If you’re one of the Marvel fanboys (or Lou Dobbs, perhaps) that freaked the f*ck out when Miles Morales was introduced as a “new” Spider-Man in the Ultimate Comics back in 2011, then you might want to sit down for this news. In February, Marvel will roll out the first issue of a new series for Ms. Marvel, who just so happens to be a teenage Muslim girl named Kamala Kahn this time.
Created during a conversation between Marvel editors Sana Amanat and Steve Wacker, and being written by G. Willow Wilson, Kamala will fight not only the standard crew of villains and general Jersey City scumbags, but she’ll also cope with the daily troubles of a teenage girl who sees herself as different from everyone else, not only because of her unusual powers, but also because of her religion and family.
“Any time you do something like this, it is a bit of a risk,” Ms. Wilson said. “You’re trying to bring the audience on board and they are used to seeing something else in the pages of a comic book.”
Kamala, whose family is from Pakistan, has devotedly followed the career of the blond, blue-eyed Carol Danvers, who now goes by Captain Marvel, a name she inherited from a male hero. When Kamala discovers her powers, including the ability to change shape, she takes on the code name Ms. Marvel — what Carol called herself when she began her superhero career.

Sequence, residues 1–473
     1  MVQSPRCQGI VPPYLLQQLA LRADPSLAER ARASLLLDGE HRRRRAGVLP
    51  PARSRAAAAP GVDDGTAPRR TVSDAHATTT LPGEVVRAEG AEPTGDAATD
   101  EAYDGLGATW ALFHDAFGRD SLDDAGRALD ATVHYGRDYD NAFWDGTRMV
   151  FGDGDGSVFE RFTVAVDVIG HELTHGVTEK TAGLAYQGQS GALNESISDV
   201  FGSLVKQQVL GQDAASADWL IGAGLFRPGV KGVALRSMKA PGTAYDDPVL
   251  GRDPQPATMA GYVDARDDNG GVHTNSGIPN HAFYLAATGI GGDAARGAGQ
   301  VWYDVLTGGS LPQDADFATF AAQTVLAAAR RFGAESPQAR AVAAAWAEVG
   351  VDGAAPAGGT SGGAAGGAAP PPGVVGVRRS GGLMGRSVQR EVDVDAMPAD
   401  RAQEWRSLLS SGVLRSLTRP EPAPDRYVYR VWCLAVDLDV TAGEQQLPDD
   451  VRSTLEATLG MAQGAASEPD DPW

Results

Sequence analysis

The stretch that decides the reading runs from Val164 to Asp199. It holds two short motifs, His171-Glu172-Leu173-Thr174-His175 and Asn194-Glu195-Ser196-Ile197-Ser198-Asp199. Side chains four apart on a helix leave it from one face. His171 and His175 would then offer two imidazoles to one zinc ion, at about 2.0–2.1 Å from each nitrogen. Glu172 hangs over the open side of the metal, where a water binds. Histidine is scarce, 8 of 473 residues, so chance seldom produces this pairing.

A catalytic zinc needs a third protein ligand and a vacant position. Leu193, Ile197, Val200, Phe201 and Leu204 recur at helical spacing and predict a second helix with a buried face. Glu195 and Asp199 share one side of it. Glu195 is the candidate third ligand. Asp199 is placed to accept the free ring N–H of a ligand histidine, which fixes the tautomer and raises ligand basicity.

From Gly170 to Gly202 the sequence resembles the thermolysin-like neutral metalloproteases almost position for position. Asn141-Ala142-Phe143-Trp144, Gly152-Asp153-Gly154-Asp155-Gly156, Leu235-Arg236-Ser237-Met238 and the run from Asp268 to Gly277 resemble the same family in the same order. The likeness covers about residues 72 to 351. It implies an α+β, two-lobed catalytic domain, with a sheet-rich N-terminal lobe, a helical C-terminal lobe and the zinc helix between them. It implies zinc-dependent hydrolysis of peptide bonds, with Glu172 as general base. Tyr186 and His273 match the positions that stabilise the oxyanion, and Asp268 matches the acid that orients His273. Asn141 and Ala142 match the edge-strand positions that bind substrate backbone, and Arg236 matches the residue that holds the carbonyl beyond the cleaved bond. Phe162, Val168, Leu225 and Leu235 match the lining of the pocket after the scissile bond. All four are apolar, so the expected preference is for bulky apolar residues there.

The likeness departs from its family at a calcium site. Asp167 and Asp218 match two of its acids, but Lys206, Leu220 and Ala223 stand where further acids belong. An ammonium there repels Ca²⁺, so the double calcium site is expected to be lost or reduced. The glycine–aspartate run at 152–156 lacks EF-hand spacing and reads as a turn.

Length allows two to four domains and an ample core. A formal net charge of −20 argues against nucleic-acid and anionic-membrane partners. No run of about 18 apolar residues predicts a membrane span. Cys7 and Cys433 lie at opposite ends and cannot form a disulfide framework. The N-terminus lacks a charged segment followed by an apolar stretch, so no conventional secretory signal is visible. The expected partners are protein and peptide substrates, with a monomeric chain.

“Captain Marvel represents an ideal that Kamala pines for,” Ms. Wilson said. “She’s strong, beautiful and doesn’t have any of the baggage of being Pakistani and ‘different.’ ” (Via the New York Times, which published this very insightful feature on the birth of a new type of comic book hero)
Now, I’m not entirely positive about the bells and whistles of Ms. Marvel’s powers and abilities, but judging by this image, she’s going to have some sort of a porcupine sidekick that may or may not have Hulk hands.
So watch out, villains, because if you accidentally touch Horkupine’s back, it’s probably going to hurt a little bit.
(Images via Marvel)